Quick note: I’ll be in Midtown NYC from December 5-7. I’d be happy to meet up with anyone interested in knowing more about Alluvial’s soon-to-be-launched private partnership, or any blog reader. Get in touch.
I believe shares of Coats Group Plc, traded in London, are attractive. Coats Group’s operating business is valuable and the holding company is significantly over-capitalized. Once the company settles its legacy pension issues, I believe the company will return capital to shareholders.
Coats Group Plc has a storied history. Founded in Scotland in 1755, it predates even the famed Scottish Widows Fund. Coats actually invented cotton thread as a wartime substitute for silken thread. Coats was floated on the London Stock Exchange in 1890 and underwent a series of mergers before being bought by Guinness Peat Group in 2003. Guinness Peat Group itself has an esteemed history, with roots stretching back hundreds of years to the famed Guinness family of Ireland. Guinness Peat once held dozens upon dozens of investments around the world (and actually succeeded in scuppering the proposed merger between the London Stock Exchange and Deutsche Boerse), but has spent years divesting these holdings. Following the final round of divestments, Guinness Peat Group renamed itself after its sole remaining operating business, Coats Group.
Today, Coats is one of the world’s largest manufacturers of sewing threads and fasteners. These range from ordinary crafting yarns to high-specification fiber-optic and heat-resistant threads. Coats is the world’s second-largest supplier of zippers behind YKK. It’s a global business, and its a pretty good one. For the twelve months ended June 30, Coats reported adjusted operating income of $154 million on revenues of $1.46 billion. (Coats reports in USD, though it trades in GBP.) Results for the six months ended June 30 showed excellent improvement in adjusted operating income, as Coats has taken steps to close down loss-making operations and invest in higher-margin, faster-growing segments.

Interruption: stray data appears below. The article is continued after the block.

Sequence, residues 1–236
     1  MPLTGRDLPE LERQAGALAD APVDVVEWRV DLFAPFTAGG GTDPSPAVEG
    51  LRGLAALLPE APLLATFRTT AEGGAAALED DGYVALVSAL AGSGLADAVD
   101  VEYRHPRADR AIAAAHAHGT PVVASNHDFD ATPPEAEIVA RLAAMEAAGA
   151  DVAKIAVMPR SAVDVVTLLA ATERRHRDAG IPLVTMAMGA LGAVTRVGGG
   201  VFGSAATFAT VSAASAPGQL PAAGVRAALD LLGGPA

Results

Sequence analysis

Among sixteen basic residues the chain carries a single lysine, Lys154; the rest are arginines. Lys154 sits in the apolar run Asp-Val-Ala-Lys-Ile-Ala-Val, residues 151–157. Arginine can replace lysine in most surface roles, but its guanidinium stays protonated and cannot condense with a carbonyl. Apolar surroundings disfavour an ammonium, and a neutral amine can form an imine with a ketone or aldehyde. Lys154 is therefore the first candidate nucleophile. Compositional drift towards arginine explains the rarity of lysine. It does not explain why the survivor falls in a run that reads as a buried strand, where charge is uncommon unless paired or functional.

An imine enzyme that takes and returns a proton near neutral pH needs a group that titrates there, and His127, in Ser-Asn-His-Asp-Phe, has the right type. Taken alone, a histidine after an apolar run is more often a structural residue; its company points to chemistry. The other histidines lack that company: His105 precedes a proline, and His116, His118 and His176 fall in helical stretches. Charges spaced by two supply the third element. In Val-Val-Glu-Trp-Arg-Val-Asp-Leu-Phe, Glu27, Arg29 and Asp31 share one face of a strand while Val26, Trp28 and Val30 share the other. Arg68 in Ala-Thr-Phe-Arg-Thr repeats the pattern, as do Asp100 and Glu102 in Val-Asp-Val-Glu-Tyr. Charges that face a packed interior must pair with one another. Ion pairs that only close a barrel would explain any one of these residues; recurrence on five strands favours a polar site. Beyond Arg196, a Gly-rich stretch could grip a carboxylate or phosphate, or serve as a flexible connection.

Before we can get closer to determining a value for Coats, we must consider a very significant confounding factor: legacy pensions. Though Coats (remember, formerly Guinness Peat) owns only one business, it remains responsible for multiple pension plans. Turns out these plans are rather under-funded. This finding by the British government put a halt to Coats’ plans to return its holding company-level cash to shareholders. Here’s a graphic from Coats most recent report showing the deficits at each legacy pension.
Coats Group’s three major legacy pension plans are Brunel, Staveley, and Coats UK. Brunel is 68% funded. Staveley is 91% funded, and Coats UK sits at 84%. You might be thinking “by American standards, these really aren’t bad.” However, the UK pensions regulator doesn’t see it that way. In 2015, Coats agreed to contribute £55 million to the Brunel plan over 10 years. In June, Coats agreed to contribute £74 million to the Staveley plan.